Artists and activists campaign to save a much loved gallery from closure
Ceri Richards, who died in 1971, was one of Wales’ greatest, internationally renowned artists. His works are to be seen in Tate Britain, and the National Museum in Cardiff.
In 1984, as part of its new Taliesin Arts Centre, Swansea University opened an art gallery
dedicated to him, open to the people of Swansea. In the following 30 years, Oriel Ceri Richards Gallery has provided space for exhibitions by local artists both established and new, as well as work by famous artists such as David Hockney, with admission free to all. The gallery ran at a small profit, contributing to the costs of the arts centre as a whole.
In 2017, without any discussion or consultation with local people, the artistic community or even their own students, the University administration announced plans to close off the ground floor of the Arts Centre to the public, and destroy the gallery. Its replacement? A ‘student learning and creativity zone’, involving ‘digital wayfaring’, and a ‘flexible space to study, learn, explore, meet and create activities…’ In other words, cutting out the PR waffle, a student common room with digital facilities. While more student resources and spaces are undoubtedly needed, the University has two campuses to play with, and several new buildings – posing the question: why take this particular space?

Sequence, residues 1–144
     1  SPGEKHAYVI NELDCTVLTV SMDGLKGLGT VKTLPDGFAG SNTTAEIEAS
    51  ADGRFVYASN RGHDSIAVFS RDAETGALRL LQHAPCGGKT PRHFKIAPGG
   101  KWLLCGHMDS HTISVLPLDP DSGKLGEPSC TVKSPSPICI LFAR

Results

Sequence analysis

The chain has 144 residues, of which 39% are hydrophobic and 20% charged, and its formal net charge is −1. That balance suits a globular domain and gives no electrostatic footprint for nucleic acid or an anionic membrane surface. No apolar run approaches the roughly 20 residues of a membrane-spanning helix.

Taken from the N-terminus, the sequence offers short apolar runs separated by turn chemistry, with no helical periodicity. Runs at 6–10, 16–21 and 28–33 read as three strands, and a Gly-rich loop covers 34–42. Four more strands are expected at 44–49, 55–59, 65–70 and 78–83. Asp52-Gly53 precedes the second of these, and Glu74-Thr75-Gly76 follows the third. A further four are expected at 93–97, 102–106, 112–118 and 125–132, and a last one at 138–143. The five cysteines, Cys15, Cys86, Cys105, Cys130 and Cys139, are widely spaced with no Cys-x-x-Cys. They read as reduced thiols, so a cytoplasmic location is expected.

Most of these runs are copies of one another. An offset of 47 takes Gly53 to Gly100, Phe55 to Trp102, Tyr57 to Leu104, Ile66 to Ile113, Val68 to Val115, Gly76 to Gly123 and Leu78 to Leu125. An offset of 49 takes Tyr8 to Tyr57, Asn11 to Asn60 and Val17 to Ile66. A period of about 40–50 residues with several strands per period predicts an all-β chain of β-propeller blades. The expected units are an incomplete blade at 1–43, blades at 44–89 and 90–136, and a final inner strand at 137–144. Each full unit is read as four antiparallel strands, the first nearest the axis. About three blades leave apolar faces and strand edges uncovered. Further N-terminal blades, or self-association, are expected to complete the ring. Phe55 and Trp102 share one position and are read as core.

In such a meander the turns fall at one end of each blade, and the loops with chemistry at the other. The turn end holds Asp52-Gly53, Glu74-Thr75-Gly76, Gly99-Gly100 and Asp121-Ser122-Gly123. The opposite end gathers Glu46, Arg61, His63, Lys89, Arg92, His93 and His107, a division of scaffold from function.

The news, when it leaked out, produced a lot of anger. Local artists and their allies quickly formed an action group which organised petitions, and held a series of ‘pop-up’ protests on the campus. The aim was to embarrass the University into backtracking, or at least into giving some assurances that the gallery would be replaced. But they met a stone wall. The University Vice-Chancellor has refused to meet protesters.
On 12th August, the gallery finally closed, although campaigners have vowed to keep the campaign going, to press for a replacement public exhibition space.
Given the cuts in services being made by Swansea’s Labour Council, the closure of a small gallery might seem relatively unimportant. But it is one more way in which working class people are being systematically denied their right to access to culture. The working class needs bread first – but we need roses too. The closure of this public gallery, for no good reason, can only be described as cultural vandalism.